Saturday, January 23, 2010

Autism "then"

This is the "condensed version" of a very long story.

My brother in law was born in the 1950's, with two older siblings already in the house. 

In his infancy, he became sick and ran a very high fever.  According to my mother in law, the fever was the dividing line between normal development and things that seemed more and more wrong, compared to how his two older siblings had developed.

The medical profession's answer to that was to offer her criticism and blame.

For example, he wasn't showing any signs of learning to talk and the doctor said it was because she was "spoiling" him.  He didn't speak until he was nearly five.  If she was advised to institutionalize him, she has never confided in me about that.

When it came time for his first communion and confirmation, the priest didn't want my young brother in law to participate with the other children.

At some point in education, he was put into "special education" classes at what in New York State was called BOCES.  In those days before IDEA and "Section 504" the right of the disabled to a free, appropriate public education was non existant.  Every day he would come home, bullied again.

He craved routine.  He had frequent temper tantrums.  He did not respond to others, and was friendless.  He spoke in a flat voice, not making eye contact. He had an amazing ability to remember dates and the weather on each day of his life.  He could predict dates in the future (i.e. ask him when Easter will be in 2020 and he will tell you instantly).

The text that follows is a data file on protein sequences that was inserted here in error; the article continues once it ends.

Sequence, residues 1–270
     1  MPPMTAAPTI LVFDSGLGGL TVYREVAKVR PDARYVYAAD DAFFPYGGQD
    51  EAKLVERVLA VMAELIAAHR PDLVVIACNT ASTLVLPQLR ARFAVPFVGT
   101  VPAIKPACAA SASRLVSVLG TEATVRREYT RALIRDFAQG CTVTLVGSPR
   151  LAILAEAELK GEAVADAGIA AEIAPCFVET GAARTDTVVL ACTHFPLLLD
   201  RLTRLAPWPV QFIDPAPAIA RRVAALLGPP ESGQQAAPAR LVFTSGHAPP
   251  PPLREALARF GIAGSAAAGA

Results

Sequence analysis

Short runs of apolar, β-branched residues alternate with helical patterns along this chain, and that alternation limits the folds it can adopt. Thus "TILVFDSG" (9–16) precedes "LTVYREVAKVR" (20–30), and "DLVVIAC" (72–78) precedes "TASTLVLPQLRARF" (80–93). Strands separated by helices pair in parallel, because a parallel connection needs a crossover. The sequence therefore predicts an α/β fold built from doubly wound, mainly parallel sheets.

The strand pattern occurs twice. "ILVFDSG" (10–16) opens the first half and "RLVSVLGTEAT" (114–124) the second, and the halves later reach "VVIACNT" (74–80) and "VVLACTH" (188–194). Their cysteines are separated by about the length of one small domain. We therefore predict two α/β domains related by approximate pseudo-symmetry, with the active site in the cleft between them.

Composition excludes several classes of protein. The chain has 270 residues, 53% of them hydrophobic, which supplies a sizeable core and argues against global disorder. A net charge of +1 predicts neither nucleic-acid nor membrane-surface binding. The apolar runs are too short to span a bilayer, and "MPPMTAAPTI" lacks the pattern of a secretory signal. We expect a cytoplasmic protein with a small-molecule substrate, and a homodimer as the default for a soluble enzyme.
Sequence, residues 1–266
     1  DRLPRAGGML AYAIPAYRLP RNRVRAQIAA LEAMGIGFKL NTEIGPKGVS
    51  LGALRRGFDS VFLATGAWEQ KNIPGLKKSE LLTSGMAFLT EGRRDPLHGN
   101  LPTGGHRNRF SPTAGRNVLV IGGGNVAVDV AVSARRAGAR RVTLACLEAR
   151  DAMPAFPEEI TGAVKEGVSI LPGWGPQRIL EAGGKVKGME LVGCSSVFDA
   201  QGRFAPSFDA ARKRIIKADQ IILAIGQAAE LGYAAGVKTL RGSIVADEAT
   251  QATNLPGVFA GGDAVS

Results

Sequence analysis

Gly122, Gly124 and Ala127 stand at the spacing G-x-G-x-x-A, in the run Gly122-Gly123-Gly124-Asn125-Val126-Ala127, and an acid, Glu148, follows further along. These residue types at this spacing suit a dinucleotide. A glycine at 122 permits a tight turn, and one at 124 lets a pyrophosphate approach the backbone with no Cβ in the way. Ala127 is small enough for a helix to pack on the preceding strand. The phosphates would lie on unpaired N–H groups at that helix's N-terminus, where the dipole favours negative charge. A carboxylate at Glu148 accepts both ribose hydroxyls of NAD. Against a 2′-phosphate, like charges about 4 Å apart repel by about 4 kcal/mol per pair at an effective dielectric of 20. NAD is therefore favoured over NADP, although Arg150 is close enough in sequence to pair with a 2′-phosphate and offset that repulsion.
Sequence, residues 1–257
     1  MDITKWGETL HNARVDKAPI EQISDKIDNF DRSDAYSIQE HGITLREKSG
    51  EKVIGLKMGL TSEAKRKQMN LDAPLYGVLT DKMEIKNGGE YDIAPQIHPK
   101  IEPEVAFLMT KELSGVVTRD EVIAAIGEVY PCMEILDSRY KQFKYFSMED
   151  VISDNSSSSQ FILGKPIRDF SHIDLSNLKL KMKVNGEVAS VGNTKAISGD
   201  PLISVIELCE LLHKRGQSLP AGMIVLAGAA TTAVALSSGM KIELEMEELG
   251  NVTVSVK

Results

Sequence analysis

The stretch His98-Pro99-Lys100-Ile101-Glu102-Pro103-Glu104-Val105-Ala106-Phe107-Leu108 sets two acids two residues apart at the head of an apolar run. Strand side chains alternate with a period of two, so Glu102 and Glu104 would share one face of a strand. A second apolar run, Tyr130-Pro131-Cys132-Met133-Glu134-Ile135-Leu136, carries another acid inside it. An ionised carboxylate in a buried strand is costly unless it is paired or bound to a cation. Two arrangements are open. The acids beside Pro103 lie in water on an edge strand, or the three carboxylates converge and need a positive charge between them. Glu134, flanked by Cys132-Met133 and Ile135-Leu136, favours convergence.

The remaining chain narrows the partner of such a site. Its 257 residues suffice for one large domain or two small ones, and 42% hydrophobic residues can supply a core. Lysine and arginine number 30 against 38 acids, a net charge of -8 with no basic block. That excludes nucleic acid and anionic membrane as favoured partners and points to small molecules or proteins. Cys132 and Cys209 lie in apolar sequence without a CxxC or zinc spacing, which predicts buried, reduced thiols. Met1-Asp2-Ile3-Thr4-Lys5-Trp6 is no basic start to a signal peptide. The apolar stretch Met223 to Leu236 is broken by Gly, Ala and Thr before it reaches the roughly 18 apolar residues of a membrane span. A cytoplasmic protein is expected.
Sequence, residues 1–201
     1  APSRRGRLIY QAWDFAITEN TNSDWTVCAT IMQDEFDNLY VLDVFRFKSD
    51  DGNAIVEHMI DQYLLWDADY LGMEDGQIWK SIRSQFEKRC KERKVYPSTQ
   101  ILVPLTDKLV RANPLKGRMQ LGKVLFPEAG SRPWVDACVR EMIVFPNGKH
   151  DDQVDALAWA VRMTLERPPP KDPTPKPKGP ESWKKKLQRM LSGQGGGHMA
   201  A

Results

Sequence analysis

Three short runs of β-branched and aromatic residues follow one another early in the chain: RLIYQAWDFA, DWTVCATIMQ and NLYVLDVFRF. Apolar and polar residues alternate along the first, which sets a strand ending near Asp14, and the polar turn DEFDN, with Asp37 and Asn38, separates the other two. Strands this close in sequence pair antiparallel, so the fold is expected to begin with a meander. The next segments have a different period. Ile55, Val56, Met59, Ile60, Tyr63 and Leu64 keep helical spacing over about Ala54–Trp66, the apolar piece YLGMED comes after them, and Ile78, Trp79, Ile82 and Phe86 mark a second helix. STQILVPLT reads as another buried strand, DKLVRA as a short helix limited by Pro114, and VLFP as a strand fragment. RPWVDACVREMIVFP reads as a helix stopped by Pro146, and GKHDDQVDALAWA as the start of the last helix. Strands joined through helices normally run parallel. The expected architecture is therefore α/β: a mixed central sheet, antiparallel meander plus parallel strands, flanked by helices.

At some point, a caring teacher saw something in my brother in law, and he ended up back in "regular" education, graduating high school.  This, mind you, without a diagnosis, without a scrap of intervention.  My mother in law tried to advocate for him in a world where you hid your disabled (hopefully not in the attic), and she labored alone.  Remember there were no support groups, no Internet, and not even a name for what my brother in law was experiencing.   Until one of her friends talked my mother in law into taking my brother in law to a special place where they would study him, and there would finally be a name, an explanation.

He was 19.  And, the name was autism.

After a short lived try at college, it was found that my brother in law had some ability to work with his hands, and he ended up at ARC.  Back then it was called the Association for Retarded Children. 

There is much more to this story, but for now, this will have to suffice.

As the time grows close to his visit, I will write more.  My brother in law's story deserves to be told, and he is limited in his ability to tell it.

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